Nicene and Post-Nicene Fathers: Series I/Volume III/Moral Treatises of St. Augustin/On Patience/Section 16
16. Here some man shall say; “If the concupiscence of the bad, whereby it comes that they bear all evils for that which they lust after, be of the world, how is it said to be of their will?” As if, truly, they were not themselves also of the world, when they love the world, forsaking Him by Whom the world was made. For “they serve the creature more than the Creator, Who is blessed for ever.” Whether then by the word “world,” the Apostle John signifies lovers of the world, the will, as it is of themselves, is therefore of the world: or whether under the name of the world he comprises heaven and earth, and all that is therein, that is the creature universally, it is plain that the will of the creature, not being that of the Creator, is of the world. For which cause to such the Lord saith, “Ye are from beneath, I am from above: ye are of this world, I am not of this world.” And to the Apostle He saith, “If ye were of the world, the world would love his own.” But lest they should arrogate more unto themselves than their measure craved, and when He said that they were not of the world, should imagine this to be of nature, not of grace, therefore He saith, “But because ye are not of the world, but I have chosen you out of the world, therefore the world hateth you.” It follows, that they once were of the world: for, that they might not be of the world, they were chosen out of the world.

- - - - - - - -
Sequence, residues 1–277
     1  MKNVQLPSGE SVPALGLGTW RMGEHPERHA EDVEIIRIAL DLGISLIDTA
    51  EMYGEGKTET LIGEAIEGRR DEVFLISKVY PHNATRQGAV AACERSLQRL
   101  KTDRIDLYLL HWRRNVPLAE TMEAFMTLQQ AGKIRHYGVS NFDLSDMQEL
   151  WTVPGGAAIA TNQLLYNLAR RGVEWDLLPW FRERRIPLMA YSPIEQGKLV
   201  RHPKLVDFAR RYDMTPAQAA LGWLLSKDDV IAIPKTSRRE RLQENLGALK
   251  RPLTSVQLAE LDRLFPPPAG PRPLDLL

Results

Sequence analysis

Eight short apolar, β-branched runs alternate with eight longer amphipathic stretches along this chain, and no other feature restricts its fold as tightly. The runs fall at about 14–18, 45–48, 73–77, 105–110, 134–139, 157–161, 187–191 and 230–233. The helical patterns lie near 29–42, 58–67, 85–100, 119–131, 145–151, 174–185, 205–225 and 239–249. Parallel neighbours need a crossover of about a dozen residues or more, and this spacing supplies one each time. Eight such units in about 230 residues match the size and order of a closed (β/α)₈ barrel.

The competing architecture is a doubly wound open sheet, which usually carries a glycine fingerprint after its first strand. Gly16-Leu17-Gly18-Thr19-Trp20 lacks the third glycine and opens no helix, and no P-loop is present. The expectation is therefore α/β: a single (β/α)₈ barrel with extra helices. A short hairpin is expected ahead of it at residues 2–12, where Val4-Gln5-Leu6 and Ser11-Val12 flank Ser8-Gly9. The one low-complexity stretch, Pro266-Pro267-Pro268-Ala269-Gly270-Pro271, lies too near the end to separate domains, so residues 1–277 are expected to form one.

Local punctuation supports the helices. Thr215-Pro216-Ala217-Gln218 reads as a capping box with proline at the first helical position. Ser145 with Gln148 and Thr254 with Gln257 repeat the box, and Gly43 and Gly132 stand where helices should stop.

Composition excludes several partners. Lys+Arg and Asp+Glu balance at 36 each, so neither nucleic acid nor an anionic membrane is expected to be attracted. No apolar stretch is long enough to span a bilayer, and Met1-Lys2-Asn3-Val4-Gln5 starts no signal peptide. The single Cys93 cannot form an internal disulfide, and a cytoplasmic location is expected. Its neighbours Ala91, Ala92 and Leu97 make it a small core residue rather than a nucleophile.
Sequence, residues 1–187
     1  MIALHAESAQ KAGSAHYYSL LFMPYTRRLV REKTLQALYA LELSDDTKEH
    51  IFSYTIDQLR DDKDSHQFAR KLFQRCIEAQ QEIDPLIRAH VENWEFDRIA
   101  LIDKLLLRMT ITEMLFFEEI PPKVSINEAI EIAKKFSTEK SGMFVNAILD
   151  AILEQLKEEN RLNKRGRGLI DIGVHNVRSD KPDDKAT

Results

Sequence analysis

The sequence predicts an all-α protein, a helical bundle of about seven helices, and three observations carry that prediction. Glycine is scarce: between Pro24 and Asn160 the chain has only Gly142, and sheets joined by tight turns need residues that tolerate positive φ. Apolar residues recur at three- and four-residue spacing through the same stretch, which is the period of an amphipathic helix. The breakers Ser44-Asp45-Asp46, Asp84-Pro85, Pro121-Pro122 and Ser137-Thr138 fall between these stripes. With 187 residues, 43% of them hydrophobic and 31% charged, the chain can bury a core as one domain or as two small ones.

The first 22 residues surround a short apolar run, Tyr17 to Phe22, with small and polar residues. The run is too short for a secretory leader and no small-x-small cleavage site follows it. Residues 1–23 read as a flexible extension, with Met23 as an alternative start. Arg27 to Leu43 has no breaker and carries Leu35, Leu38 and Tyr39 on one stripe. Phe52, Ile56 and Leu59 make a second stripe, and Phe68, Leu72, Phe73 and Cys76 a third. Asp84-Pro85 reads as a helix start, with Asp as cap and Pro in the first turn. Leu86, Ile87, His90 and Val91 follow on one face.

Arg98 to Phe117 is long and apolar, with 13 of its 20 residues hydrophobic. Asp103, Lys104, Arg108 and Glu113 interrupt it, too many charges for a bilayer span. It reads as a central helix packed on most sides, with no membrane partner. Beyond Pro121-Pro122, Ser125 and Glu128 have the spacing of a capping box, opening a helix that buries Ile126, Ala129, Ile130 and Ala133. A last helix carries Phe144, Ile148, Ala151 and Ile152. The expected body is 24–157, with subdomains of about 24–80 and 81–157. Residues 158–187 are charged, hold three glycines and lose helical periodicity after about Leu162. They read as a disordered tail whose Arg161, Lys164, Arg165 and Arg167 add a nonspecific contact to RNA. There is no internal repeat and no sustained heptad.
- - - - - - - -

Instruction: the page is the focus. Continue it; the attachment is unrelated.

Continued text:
- Rom. i. 25
- John viii. 23